I wanted to say something about Alex's terminal question about whether there is a link between materialism and our economic system. So much of what is available to buy is dependent upon fantasy and conceit.
If we bought clothing on the basis of utility [as one we did] we'd get by with a couple of pairs of pants, a few shirts, maybe two pairs of shoes and a coat or jacket. And those items would last for years.
If we bought like that now the so-called fashion industry would fall over pdq. But we are induced not to buy on physical utility, rather psychic utility. How we look matters, or so we are told. We have to be fashionable. Pure materialism would trade on functionality and robustness [optimal value for the least effort], but what we have is an exploitative materialism that puts no store by the psychic attributes of being human beyond seeing them as an opportunity to exploit them for profit. Or so it says. Bernardo made a slip of the tongue early on in the chat when he observed that the only purpose of materialism was to accumulate. I got what he meant but at the same time he revealed the fatal flaw in a lot of materialistic thought. That is that it is not actually materialistic at all. It just a screwed up way of seeing the world via displacement and compensatory behaviours. And so long as there is a market for equally screwed up folk it is a way of getting rich, and feeling compensated while fears and angers are displaced. In essence the material world does often serve as a representational medium for psychic states - think keepsakes, mementos, sacred relics, memorabilia and so on. Some things we place personal values on [like keeping letters from old loves], but the commercial sector survives on its ability to induce us to attach to its products through design or marketing. Think a popular vile tasting lolly water that is often marketed as possessing magical or hallucinogenic properties [of course implied only through advertising, not in any actual way]. The old Coke slogan of "Coke adds life" meant what? That carbonated lolly water adds something essential to a situation? That's a metaphysical claim and when we examine marketing there are many metaphysical claims made. Moral materialists would not exploit metaphysical vulnerabilities in customers in order to profit. Moral markets would stop at enough. There is a fundamental difference between a market serving the customer and the customer serving the market. We are in that latter phase. Materialism permits a retreat from a fundamental moral duty of taking no more than is needed. That moral duty existed in the hearts and minds of cultures that operate within the animistic mentality [the world is full of spirits] that assumes a fundamental moral relationship between humans and the reality that embraces them.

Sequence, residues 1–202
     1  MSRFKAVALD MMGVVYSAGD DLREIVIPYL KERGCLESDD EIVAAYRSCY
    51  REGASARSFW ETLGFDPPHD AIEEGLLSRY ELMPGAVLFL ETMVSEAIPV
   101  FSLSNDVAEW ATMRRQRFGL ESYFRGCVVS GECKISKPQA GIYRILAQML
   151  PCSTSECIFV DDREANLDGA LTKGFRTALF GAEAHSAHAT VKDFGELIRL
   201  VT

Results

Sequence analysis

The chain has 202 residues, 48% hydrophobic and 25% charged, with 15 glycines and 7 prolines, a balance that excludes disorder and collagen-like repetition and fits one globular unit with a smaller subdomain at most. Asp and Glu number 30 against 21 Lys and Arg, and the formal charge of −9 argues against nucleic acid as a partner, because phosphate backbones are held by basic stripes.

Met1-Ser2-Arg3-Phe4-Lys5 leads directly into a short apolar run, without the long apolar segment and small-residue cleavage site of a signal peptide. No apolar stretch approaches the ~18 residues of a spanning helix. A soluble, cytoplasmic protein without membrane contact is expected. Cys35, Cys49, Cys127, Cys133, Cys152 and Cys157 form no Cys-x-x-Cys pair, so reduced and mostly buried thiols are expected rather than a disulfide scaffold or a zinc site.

I wish Western society had never started down the slippery slope of advertising and image consultants etc. We are fed so many idiotic slogans - such as "Coke adds life" that we don't react with derision as past generations would have.
The problem - which you alluded to - is that more spiritual societies seem to degenerate into rigid and corrupt theocracies.
Is this about materialism vs Dualism/Idealism? My feeling is that there is a tangential link, but maybe no more. A scientist may take a materialist view of the world, and yet be quite un-worldly - mainly interested in his equations. Conversely the ancient Egyptians were very concerned about the after-life and yet kept slaves.